Sexual Encounters Outside Partnership Major Cause Of HIV In Sub-Saharan AfricaMain Category: HIV / AIDS
Article Date: 05 Feb 2013
One of the main reasons for the HIV epidemic in sub-Saharan Africa is the sheer number of heterosexual couples having intercourse with people outside their partnership.
A study published in The Lancet indicates that current anti-HIV strategies which focus solely on couples in which one member is infected with HIV, might not be enough to decrease the prevalence of HIV in the region.
Leader of the study, Steve Bellan from the University of Texas, Austin, said:
"Because of the large contribution of extra-couple transmission (from outside partnerships) to new HIV infections, interventions should target the larger sexually active population and not just serodiscordant couples.
Sub-Saharan Africa is an area with an ever-growing HIV problem, and targeting the groups at high risk of contracting the infection is crucial for intervention strategies. The proportion of transmission of the disease by heterosexual couples versus single people continues to cause much debate among experts.
Researchers created a complex modeling system that combined serostatus and relationship data from Demographic and Health Surveys (DHS). This model helped identify the routes by which people from 27,201 cohabiting couples became infected with HIV in the sub-Saharan region.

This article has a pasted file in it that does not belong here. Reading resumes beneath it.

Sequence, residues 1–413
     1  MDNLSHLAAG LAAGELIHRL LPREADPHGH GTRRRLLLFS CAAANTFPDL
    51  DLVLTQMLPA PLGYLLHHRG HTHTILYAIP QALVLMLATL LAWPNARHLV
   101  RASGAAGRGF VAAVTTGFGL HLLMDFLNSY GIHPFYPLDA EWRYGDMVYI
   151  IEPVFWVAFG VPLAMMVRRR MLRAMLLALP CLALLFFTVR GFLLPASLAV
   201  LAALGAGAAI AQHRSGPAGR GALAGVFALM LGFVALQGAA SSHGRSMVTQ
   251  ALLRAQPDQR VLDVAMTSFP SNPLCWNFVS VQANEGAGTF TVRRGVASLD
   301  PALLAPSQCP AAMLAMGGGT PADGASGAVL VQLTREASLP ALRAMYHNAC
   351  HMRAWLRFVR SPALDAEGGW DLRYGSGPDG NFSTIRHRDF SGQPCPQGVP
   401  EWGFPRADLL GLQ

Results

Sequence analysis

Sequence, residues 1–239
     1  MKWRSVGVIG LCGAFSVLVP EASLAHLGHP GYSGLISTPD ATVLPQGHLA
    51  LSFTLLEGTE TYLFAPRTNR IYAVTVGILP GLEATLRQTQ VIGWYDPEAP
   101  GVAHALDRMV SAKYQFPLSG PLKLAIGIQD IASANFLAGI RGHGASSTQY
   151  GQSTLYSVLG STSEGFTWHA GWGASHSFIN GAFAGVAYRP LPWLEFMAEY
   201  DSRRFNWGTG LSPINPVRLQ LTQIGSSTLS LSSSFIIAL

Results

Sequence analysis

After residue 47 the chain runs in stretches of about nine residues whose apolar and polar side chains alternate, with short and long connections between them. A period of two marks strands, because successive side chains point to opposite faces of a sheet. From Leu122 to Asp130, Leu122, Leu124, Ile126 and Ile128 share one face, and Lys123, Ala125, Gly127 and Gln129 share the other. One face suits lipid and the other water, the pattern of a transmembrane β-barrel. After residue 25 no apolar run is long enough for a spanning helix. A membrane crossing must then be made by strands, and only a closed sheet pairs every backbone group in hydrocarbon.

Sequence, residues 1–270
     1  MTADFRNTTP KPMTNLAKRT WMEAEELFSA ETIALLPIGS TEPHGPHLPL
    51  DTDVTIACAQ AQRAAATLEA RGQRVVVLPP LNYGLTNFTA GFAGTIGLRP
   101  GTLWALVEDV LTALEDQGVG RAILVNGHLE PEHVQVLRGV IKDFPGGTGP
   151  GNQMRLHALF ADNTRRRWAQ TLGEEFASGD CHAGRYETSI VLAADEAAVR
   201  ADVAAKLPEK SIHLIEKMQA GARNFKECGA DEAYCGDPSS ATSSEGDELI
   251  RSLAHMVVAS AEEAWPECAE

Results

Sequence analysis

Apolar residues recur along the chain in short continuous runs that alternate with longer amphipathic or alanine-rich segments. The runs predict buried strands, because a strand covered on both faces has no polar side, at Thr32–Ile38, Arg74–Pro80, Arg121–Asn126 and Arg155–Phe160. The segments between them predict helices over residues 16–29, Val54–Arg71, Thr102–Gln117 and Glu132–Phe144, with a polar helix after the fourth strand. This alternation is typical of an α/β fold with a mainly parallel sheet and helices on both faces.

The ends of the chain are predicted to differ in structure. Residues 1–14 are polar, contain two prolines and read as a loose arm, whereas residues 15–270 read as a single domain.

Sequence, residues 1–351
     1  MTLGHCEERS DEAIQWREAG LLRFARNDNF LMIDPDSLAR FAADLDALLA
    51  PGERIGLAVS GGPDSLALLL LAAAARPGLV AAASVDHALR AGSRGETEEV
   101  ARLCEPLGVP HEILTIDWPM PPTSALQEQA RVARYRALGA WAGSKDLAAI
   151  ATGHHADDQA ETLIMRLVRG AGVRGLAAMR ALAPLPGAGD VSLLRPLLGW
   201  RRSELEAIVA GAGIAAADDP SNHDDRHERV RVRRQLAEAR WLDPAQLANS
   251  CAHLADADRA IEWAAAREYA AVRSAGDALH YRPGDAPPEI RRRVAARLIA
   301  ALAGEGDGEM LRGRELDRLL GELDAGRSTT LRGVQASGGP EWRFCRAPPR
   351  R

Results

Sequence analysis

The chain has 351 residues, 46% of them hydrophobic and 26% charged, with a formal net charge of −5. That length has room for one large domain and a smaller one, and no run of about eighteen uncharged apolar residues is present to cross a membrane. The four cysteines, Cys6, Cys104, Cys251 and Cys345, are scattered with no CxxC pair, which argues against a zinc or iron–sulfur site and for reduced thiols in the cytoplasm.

The results showed that 30-65% of HIV infections in men and 10-47% in women - who were in a stable relationship with their partners - were caused by extra-couple transmission.
Interestingly, the study also revealed that the majority of transmissions in couples occurs from men to women rather than from women to men. Women were found to be at a high risk of infection before entering a cohabiting relationship.
Connie Celum and Jared Baeten from the University of Washington add:
"HIV prevention for only HIV serodiscordant couples will not be enough to reverse the HIV epidemic completely. HIV prevention is at a crucial stage: strategies to deliver evidence-based combination prevention efficiently and effectively, targeted at high risk populations and with high coverage for those at risk, will maximise this incredible opportunity in the history of the HIV epidemic."
Previous interventions have provided HIV testing at African homes as well as voluntary counseling, these have managed to increase awareness of HIV status among those who are undiagnosed.
Written by Joseph Nordqvist
Copyright: MediLexicon International Ltd
Original article posted on Medical News Today.
Articles not to be reproduced without permission of Medical News Today